What Is the Difference Between Receivership and Liquidation?
If you run a business, you most probably fear the terms ‘receivership’ and ‘liquidation’ by default. The truth is that most business owners have a hard time understanding these two notions and they frequently believe that they are the same. There are multiple differences between receivership and liquidation which I am about to explain in this post.
Liquidation Is ...the process by which a business is liquidated or ceases to exist.
Liquidation is also called 'winding up,' and it implies the appointment of a liquidator who makes sure that the interests of the company's creditors are met. The liquidator collects the company's assets, realizes them, and distributes the proceeds among creditors. The liquidator is in charge of the liquidation process, and his duty is fulfilled after the company's liabilities are discharged, and the company is officially dissolved.
Receivership Is ...the process by which a business is placed in the hands of a receiver who will manage its assets in order to repay the company's creditors.
The receiver is appointed by the creditors or the court and aims to restructure the business by managing its obligations and assets until the company is once again profitable.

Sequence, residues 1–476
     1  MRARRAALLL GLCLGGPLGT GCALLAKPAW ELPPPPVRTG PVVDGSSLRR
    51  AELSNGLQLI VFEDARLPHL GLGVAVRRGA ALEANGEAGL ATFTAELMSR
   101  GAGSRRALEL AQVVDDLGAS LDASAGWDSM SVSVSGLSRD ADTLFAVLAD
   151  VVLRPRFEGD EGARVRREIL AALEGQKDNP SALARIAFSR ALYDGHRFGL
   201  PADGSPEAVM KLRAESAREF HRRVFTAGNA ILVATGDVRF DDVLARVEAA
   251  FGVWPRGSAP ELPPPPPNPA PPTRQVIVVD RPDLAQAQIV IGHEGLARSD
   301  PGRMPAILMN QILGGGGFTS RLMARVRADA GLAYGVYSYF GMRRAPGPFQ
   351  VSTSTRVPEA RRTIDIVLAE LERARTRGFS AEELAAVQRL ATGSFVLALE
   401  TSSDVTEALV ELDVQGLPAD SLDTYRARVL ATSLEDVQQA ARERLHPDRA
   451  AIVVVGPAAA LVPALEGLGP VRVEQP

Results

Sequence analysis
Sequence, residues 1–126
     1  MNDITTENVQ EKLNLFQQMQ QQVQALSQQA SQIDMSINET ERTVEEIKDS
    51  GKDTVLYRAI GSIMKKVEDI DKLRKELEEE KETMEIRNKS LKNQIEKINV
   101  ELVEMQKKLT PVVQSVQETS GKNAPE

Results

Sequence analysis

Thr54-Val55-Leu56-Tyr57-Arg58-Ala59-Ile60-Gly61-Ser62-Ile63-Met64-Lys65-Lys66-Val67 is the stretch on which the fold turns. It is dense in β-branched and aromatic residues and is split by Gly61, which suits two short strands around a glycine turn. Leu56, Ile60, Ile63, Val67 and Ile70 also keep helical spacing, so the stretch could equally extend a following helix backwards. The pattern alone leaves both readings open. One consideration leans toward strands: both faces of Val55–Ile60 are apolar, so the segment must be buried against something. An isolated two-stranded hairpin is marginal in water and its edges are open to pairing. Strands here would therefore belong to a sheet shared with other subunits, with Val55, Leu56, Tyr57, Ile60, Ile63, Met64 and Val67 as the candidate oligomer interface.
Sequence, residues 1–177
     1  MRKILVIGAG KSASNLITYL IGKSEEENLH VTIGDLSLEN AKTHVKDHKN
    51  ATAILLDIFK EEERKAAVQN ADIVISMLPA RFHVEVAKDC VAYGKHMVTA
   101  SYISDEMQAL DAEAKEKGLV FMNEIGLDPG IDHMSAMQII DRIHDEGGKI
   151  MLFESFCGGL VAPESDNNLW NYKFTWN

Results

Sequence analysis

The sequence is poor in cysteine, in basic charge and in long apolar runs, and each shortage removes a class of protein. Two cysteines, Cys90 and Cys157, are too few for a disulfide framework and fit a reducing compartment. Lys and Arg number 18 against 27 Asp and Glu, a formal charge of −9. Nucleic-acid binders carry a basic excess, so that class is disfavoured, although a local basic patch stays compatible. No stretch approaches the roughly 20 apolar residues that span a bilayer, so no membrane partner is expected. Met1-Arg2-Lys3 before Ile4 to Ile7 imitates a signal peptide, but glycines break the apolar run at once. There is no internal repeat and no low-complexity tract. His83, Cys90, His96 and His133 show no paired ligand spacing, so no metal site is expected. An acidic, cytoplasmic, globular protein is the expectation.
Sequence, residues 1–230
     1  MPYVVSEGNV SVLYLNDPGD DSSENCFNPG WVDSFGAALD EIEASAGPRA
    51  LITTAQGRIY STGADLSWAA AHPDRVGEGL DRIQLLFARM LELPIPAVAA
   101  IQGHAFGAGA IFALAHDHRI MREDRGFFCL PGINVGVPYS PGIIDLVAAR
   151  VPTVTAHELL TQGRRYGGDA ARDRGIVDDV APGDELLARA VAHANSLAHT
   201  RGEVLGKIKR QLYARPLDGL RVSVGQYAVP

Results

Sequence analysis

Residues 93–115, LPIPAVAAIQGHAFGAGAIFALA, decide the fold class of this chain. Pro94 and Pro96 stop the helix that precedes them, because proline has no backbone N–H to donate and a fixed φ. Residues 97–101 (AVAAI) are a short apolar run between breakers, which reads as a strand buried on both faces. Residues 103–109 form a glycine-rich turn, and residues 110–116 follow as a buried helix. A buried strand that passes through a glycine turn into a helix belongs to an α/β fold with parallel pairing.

What Do They Have in Common?- Both liquidation and receivership show that a business is not doing well, financially speaking
- Either through receivership or liquidation, the company's manager is required to step aside as somebody else is taking over
- That somebody else, be it a receiver or a liquidator, is required to take care of the preferential or secured creditors at first and make sure they receive their entitlements
- Whether your business is in liquidation or receivership, the appointed responsible will have to file regular reports showing the company's progress
What Sets Them Apart?There is more than one difference between receivership and liquidation. Let me summarize the essentials:
- In liquidation, the business will most likely close, whereas placing it in receivership gives it a chance to continue its operations.
- Receivers are appointed by the company's secured creditors according to a security agreement while liquidators are appointed by the company's shareholders or the court.
- After receivers take control of the company, they typically start selling those assets that secured the debt in order to repay the creditor that appointed them. Liquidators, on the other hand, are in control of all the company's assets and their effort is to repay all the company's creditors, according to their priority.
- If the company is placed in receivership, the owner still maintains a limited role. In liquidation, all the director's roles cease to exist.
- Once the receiver has fulfilled his or her role, the company's owner retakes charge of the business. After a liquidator has fulfilled his or her role, the company will cease to function, and it will be deleted from the registrar of companies.
Receivership and liquidation have their differences and similarities, and there are different circumstances when one should be preferred over another. With the help of an experienced commercial lawyer, you will find it easier to decide which is the most appropriate solution for your company.